Your comment epitomises the LEFTIST SNEER, which aims to discredit but not engage with the point made.

When the police lie, they do not betray their country; so it could never be treason. If some police can lie about a government minister, then some police could lie about anyone in government – including Labour ministers.

Raylan mate, if you can’t tell the difference between ‘a tory’ and an elected member of parliament, then you are an idiot.

The person who could have cleared Mitchell’s name was Cameron. Cameron could have made a public statement, after seeing the CCTV footage, that cast doubt on what the police had said (and had been repeated in certain newspapers). Cameron chose not to do so. Why? Probably because Cameron did not want to have a public row with the police, certain sections of the media, and some of his own party who were briefing against Mitchell.

A lot of this comes down to Cameron’s weakness in the face of forces that are trying to push his party in their direction.

Giselle,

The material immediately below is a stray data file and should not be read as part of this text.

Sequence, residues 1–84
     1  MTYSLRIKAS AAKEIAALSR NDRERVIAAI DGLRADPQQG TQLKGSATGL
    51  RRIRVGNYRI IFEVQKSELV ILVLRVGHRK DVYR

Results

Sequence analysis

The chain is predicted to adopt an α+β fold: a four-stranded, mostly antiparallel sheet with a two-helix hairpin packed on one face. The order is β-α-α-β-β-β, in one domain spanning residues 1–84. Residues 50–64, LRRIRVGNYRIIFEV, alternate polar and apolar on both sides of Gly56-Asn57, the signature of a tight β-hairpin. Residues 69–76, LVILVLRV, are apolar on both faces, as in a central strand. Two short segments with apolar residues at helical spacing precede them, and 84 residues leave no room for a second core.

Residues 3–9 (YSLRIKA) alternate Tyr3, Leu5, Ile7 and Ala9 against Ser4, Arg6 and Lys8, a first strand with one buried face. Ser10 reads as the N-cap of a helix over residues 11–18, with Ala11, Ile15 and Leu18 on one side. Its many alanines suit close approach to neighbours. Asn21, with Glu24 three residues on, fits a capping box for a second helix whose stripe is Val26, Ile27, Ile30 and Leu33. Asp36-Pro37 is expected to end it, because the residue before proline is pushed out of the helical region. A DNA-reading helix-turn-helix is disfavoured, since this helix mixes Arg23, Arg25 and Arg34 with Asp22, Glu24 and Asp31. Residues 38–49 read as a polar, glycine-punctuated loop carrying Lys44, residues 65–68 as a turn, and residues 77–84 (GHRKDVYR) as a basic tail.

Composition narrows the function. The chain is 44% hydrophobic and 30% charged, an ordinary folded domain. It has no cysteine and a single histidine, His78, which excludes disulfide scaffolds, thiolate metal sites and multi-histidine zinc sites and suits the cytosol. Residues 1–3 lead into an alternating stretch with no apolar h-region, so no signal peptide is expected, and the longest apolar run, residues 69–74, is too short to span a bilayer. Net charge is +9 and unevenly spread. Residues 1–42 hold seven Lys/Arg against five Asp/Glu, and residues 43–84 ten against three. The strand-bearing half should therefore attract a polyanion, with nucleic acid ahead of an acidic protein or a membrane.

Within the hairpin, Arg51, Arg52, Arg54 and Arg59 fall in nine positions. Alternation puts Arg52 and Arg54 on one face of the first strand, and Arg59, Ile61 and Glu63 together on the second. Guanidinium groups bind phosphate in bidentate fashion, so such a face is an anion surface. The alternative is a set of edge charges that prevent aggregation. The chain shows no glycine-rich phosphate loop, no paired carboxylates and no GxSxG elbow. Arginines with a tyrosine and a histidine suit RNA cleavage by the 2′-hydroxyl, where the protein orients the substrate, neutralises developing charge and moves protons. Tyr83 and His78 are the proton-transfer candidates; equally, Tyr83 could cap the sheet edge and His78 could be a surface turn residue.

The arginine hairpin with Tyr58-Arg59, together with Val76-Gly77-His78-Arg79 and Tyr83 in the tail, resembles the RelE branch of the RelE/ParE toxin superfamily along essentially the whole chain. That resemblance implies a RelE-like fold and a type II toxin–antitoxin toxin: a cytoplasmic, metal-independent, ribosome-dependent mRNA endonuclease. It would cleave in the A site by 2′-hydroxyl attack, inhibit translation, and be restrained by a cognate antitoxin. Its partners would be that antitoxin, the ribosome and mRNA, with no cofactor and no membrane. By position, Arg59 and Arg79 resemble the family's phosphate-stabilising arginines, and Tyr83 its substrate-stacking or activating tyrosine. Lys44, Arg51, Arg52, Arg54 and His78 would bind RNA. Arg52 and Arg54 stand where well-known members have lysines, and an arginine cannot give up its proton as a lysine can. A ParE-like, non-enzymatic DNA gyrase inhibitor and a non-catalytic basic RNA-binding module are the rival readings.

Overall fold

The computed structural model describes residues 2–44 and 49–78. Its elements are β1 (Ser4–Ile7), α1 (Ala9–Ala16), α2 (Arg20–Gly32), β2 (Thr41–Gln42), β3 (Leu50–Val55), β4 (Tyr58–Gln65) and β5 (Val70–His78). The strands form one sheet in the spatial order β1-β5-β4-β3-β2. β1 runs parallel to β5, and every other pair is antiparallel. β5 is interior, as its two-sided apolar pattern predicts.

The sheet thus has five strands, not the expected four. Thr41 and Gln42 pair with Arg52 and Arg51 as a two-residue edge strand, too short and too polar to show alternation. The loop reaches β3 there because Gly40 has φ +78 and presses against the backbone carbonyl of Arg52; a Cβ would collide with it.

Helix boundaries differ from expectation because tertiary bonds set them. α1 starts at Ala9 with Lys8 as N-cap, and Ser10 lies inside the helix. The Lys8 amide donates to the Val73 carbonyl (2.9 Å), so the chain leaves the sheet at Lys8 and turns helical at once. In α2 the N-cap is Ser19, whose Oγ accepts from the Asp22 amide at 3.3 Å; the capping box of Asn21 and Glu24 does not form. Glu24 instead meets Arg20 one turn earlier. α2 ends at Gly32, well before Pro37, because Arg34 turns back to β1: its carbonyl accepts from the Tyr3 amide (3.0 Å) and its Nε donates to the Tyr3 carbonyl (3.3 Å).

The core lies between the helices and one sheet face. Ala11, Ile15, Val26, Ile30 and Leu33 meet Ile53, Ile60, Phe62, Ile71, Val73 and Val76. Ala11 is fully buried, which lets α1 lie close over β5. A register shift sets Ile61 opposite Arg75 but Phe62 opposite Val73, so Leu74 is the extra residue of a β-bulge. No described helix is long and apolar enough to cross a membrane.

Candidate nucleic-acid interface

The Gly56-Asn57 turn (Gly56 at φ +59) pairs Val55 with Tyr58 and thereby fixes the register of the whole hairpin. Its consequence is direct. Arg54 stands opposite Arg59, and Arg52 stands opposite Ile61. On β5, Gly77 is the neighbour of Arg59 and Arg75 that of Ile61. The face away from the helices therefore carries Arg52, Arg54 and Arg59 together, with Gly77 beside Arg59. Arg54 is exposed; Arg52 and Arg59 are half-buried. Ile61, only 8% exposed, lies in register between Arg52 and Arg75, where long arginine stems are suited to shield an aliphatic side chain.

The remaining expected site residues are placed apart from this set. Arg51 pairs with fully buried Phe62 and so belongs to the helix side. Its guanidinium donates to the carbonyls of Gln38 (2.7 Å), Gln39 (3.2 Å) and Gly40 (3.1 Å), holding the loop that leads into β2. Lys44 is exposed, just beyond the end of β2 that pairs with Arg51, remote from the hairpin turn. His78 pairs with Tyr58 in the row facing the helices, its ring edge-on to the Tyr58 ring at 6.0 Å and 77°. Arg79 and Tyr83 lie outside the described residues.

I couldn’t give a damn if Andrew Mitchell is a Tory, a Green, a Labour or Monster Raving Loony. He was a government minister and because of the rumpus caused by opportunistic policemen who, whilst amid a pay dispute with the government, got him sacked.

If that doesn’t worry you – you should have a long look at countries where ministers are appointed / fired despite the will of the electorate instead of because of their will.

Your article almost says Andrew Mitchell lost his job because of his own actions rather than others – he was asking for it. Not surprisingly that defence doesn’t carry much weight so why suggest it here?

Mitchell was smart, timing is everything in a situation like this.

What everyone should be focussing on is what he meant by ‘I thought you guys were supposed to ******* help us’.

Are the Police, and the Federation inherently on the side of the Tories? They clearly were in the 80’s.

21. Tom Rawlinson